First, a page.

The aviation bigwig had known success in these parts in years past, but not recently, and he looked set for another blank this week as the last of the four days dawned and he still awaited his maiden victory of the 2014 event.
A switch in the placing of a big screen had forced the millionaire businessman to move from his favourite spot in the parade ring on Tuesday, but his luck finally changed when Tiger Roll, Very Wood, Don Poli, and Savello all came home first past the post.
The combined odds for all four amounted to a tasty 82,653/1.
“I’ll never forget this day,” said O’Leary. “It’s been incredible. You wait two years for a winner at the festival and then four come along in one day. We’ve got a couple of guests in our box and a couple of them have done a £2 accumulator on our horses.
“They’ve won over £150,000 [€180,000].”
After two poor days for the Irish, yesterday was a bonanza.
The week’s biggie, the Gold Cup, was also claimed for Ireland for the first time since Gigginstown’s War of Attrition obliged in 2006, with Lord Windermere and jockey Davy Russell scooping the trophy after a dramatic finish.
The result was only confirmed after a stewards’ enquiry to investigate the possibility of interference with the Willie Mullins-trained On His Own was dismissed and the result was greeted with predictable delirium by owner Dr Ronan Lambe and others.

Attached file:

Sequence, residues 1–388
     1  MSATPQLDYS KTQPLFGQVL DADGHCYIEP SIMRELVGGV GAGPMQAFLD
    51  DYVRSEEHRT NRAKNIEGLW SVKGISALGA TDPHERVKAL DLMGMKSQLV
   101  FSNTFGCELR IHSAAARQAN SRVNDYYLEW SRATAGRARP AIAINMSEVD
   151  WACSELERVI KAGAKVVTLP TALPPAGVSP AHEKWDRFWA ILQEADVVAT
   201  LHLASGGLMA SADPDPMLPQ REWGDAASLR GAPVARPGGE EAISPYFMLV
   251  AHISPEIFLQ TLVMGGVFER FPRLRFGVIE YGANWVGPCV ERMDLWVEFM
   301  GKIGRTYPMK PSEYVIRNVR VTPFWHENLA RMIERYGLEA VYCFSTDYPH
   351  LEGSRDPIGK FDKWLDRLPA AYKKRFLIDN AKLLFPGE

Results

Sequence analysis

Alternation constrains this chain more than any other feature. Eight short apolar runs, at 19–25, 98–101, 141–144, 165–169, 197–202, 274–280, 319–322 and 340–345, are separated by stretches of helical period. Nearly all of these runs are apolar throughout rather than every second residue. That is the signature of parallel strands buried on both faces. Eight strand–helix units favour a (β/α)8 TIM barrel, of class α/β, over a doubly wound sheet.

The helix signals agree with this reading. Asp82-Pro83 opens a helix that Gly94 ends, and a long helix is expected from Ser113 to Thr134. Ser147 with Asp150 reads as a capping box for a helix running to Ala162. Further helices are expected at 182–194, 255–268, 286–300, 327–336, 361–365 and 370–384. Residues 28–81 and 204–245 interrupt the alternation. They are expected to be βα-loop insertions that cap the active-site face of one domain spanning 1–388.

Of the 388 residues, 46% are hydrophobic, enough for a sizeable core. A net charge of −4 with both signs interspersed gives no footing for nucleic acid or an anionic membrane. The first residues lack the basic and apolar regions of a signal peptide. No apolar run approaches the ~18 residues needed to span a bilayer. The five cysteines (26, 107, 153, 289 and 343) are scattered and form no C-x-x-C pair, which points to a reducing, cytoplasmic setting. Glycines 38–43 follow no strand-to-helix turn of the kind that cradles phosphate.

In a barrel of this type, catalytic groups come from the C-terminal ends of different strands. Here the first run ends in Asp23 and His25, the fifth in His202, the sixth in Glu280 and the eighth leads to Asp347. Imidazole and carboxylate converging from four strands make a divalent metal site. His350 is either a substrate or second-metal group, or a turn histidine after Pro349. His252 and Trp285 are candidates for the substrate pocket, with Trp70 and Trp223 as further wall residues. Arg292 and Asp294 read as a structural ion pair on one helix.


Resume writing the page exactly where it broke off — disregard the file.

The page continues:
For trainer Jim Culloty, it meant he could join a rare band of men who have both trained and ridden a Gold Cup winner. The Mallow-based Kerryman partnered the legendary Best Mate to success three times in the early noughties.
Culloty had endured a dreadful season, going without a winner from August until Thursday when amateur Robbie McNamara brought Spring Heeled home in the Fulke Walwyn Kim Muir Challenge Cup.
For Russell it was a day of days. The man from Youghal bookended his afternoon with two more wins on board Tiger Roll and Savello. Both were in the distinctive colours of the same Gigginstown stud which had only released him as their retained jockey in January.
There was less joy for other Irish jockeys, with Ruby Walsh suffering serious arm and shoulder injuries in a fall and Wexford’s Daryl Jacob joining him in hospital with multiple injuries after a bizarre accident when his horse was spooked by the crowd.